Skip to main content

Kim Thayil reveals the classic Soundgarden riff he found particularly tricky to learn

With four songwriting musicians, Soundgarden's ability to experiment and explore within the rock genre was unrivalled by their peers. They were fearless when it came to forging hooks from odd tunings and time signatures, with one song in a particular proving a shining testament to that. And if you've ever struggled to learn to play it on guitar like we have, you might be relieved to hear guitarist Kim Thayil did too. 

“This was Chris’s song, and it has one of the coolest arrangements," Thayil told Guitar Player recently about the genesis of Rusty Cage – the third single from the band's 1991 opus, Badmotorfinger. 

"It’s a verse/chorus, verse/chorus thing, and then a C section and a D section ending. It’s trippy as hell. I remember I spent a lot of hours, days, and months learning the main riff, because it’s not an easy one to play."

"The fact that Chris could play the riff of this song and sing it at the same time – I don’t know if that’s more a testament to his abilities to weave a melody around a trippy riff or to his abilities as a guitar player"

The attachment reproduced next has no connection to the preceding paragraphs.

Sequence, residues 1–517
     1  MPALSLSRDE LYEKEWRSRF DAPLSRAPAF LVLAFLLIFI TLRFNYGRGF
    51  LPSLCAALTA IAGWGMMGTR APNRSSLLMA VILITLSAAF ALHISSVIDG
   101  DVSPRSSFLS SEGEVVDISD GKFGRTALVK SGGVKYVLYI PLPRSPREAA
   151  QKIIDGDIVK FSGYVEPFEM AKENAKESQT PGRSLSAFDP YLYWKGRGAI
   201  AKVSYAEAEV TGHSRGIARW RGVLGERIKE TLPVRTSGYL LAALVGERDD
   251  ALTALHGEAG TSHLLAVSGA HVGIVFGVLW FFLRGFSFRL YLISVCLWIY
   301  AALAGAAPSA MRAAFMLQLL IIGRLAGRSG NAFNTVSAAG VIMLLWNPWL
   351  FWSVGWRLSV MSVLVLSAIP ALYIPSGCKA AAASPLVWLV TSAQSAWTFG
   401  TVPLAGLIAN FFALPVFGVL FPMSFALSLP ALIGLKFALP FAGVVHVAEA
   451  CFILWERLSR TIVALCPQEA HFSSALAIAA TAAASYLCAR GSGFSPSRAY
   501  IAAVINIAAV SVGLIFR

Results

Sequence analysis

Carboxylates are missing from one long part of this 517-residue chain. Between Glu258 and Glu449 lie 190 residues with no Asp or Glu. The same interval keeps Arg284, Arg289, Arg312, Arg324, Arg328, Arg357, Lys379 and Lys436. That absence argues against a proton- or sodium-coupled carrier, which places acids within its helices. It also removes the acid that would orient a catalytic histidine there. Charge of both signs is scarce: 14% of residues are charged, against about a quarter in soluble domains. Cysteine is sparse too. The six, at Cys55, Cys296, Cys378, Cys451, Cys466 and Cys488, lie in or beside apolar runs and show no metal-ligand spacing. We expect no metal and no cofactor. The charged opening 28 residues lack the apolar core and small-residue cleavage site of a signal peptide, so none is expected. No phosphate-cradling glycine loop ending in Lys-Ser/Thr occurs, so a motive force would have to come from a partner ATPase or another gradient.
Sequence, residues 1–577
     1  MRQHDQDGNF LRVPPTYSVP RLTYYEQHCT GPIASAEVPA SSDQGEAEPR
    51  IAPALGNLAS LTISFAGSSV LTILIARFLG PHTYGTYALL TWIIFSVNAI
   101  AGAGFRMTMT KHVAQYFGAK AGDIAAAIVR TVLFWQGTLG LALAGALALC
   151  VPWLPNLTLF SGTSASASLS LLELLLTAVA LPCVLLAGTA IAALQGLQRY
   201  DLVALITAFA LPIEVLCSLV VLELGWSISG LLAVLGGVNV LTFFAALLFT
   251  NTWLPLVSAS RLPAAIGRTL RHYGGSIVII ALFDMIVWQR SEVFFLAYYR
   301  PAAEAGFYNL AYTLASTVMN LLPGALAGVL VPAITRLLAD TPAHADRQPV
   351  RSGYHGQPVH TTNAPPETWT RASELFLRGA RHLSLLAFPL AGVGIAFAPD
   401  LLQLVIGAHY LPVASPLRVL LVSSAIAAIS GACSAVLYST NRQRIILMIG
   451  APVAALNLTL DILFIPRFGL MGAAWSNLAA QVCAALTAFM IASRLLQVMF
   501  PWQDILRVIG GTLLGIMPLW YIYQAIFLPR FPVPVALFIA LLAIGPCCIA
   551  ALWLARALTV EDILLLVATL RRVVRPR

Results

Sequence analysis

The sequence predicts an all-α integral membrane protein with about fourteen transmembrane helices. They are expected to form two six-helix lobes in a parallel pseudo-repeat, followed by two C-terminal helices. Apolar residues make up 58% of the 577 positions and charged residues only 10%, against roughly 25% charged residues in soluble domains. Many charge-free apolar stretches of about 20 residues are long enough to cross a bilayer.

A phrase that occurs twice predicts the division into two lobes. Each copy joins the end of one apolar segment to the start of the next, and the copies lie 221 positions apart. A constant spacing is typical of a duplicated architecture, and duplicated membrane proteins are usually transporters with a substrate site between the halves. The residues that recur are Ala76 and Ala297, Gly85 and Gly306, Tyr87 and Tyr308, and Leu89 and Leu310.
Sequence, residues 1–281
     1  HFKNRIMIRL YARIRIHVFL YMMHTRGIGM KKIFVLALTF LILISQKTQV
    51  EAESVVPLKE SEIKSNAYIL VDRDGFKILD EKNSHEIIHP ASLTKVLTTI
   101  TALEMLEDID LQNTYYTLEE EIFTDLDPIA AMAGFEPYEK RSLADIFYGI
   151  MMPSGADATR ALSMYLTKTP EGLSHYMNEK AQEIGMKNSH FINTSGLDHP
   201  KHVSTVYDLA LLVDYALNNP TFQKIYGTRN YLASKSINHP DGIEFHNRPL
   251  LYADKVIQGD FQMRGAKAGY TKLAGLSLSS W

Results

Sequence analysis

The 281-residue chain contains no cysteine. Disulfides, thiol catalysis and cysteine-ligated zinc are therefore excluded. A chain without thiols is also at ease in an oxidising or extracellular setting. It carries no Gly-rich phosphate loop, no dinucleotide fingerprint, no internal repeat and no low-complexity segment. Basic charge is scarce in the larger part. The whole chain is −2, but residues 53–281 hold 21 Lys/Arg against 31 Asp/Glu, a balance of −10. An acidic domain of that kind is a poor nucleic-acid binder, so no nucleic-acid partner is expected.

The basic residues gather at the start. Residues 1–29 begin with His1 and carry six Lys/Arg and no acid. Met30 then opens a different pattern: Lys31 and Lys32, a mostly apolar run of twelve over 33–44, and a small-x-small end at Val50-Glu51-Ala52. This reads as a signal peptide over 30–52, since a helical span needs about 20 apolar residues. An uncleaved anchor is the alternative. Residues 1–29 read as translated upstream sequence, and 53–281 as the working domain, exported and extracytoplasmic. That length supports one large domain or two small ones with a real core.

All the more striking is that Chris Cornell was originally the band's singing drummer before Matt Cameron took over, and was only made the shift to live guitar duties for the Seattle band later.

“Eventually it became easy and we were able to play it live," added Thayil. But I will say this: The fact that Chris could play the riff of this song and sing it at the same time – I don’t know if that’s more a testament to his abilities to weave a melody around a trippy riff or to his abilities as a guitar player. But it was pretty amazing to see.” 

For his part, the band's late frontman also found Rusty Cage a challenge, as he told Total Guitar himself in 2012, likening it to By Crooked Steps, from the band's final album King Animal, to it in terms of challenge.

"That was the first song we worked on where I felt that we were taking what it is that we do to a new level," Cornell said of the latter song. "And at the same time it’s definitely the most challenging one to sing and play. To just sing it would be easy but the singing and playing part; it’s a new beast. But I’ve run into that before – Rusty Cage was a very difficult song at first.”